Apr 26, 2011

Avoiding Ancillary Probate on Out-of-State Real Property

Many Florida residents own real property in Florida and another state. Although that has always been the case for a large number of my clients, it seems like their numbers are increasing. Many  cannot find buyers for their homes "Up  North." On the other hand, I also have clients who own out-of- state property who have no intention of selling it. They go there to escape the steamy South  Florida summers, visit with kids and grandkids and so on.

Whether your out-of-state property is a burden or a blessing at this point, you should be aware of how that property figures in your estate plan. Even if you are an official Florida resident, any real property  you own outside the State of  Florida will have to be probated in the state in which the property is located, with the assistance of an attorney in the other state. This is called "ancillary probate" and obviously adds another layer of cost and complexity to the probate process.  I have a number of out-of-state attorneys  I regularly work with who handle ancillary probate for my clients requiring these services.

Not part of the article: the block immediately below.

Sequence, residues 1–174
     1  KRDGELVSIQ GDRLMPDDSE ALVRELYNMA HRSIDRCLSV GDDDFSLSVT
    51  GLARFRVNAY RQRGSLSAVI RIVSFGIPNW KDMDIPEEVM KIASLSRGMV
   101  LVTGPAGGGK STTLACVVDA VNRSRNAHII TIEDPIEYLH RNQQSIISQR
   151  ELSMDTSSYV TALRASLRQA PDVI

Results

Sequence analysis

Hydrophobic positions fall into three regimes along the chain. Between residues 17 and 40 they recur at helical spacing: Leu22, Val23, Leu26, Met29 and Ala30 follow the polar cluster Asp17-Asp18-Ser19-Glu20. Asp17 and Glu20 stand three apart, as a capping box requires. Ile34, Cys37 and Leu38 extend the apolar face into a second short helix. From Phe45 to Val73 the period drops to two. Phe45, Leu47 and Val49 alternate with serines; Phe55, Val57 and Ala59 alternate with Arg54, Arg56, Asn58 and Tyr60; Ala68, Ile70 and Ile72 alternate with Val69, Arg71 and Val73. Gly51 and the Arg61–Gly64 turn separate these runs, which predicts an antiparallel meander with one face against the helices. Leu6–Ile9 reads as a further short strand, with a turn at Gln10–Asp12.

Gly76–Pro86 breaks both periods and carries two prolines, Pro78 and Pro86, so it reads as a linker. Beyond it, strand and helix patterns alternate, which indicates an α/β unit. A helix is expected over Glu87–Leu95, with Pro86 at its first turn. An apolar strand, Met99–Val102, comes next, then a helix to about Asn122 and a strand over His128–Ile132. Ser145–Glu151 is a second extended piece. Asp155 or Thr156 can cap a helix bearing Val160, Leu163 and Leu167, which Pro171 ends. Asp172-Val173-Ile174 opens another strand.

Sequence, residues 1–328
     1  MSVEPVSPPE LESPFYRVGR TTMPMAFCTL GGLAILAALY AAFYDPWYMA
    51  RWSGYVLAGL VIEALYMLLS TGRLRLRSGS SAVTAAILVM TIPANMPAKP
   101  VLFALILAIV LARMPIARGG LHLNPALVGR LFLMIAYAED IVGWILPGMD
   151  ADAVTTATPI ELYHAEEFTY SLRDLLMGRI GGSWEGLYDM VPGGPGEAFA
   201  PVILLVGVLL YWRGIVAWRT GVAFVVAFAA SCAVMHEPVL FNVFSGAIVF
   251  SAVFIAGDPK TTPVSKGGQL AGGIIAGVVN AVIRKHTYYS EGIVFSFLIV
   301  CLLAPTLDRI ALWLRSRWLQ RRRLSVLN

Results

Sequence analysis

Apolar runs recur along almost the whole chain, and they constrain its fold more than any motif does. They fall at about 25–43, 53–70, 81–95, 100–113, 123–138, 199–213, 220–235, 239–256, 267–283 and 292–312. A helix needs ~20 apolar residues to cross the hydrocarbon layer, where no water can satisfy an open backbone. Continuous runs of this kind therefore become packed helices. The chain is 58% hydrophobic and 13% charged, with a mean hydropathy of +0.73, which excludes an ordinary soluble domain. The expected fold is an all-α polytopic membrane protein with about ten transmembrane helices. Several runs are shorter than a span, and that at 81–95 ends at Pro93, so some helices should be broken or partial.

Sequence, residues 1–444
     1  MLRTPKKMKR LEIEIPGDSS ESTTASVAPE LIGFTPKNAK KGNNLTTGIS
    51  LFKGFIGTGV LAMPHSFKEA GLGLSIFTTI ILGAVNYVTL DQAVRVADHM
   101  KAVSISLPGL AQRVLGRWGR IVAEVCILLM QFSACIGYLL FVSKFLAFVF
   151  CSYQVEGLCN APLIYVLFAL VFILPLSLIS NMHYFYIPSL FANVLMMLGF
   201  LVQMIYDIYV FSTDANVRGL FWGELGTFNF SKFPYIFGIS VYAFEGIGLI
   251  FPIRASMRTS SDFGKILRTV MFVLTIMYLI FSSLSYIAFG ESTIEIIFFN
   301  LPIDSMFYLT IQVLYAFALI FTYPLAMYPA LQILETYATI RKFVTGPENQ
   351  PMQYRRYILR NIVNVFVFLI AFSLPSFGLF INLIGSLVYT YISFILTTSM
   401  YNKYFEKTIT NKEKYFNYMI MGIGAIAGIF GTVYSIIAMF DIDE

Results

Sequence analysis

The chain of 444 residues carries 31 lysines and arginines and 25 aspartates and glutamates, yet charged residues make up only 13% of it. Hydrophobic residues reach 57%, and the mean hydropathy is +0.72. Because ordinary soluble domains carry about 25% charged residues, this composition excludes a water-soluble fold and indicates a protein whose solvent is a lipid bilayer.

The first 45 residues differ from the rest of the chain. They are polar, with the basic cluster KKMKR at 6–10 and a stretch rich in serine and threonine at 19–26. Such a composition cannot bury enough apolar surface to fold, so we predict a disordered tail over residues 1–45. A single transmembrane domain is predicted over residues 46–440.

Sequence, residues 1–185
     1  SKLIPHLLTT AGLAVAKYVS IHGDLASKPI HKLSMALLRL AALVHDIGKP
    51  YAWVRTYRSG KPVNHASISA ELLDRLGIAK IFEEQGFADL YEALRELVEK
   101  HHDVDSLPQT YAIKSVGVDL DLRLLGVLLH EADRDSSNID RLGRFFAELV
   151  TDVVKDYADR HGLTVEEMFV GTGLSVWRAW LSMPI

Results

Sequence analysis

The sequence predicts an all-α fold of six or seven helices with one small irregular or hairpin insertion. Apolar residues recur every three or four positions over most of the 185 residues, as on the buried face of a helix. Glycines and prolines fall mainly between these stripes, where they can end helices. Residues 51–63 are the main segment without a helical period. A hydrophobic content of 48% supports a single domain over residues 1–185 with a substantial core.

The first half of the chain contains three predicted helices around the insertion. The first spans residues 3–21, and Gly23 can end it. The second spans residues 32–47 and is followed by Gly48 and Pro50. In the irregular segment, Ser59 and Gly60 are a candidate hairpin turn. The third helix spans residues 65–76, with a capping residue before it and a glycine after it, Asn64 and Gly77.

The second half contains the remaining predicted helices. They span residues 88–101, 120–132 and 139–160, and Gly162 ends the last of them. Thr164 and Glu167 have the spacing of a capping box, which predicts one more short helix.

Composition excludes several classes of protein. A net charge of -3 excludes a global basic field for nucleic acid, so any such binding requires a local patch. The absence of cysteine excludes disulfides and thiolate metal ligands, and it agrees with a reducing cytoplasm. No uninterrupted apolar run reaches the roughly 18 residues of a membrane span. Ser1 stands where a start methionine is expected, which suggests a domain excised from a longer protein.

Fortunately, there are a number of stpes you can take to spare your family the hassle and cost of ancillary probate. You can, for example, own  out-of-state property jointly with someone else. Another effective and popular method of avoiding ancillary probate: Put your out-of-state property into a properly drafted Florida Revocable (Living) Trust. Any property owned by the trust, whether in Florida or out-of-state, will avoid probate. My law firm has good working relationships with numerous attorneys outside of Florida who can handle the deeding of property into a Florida Revocable Trust. 

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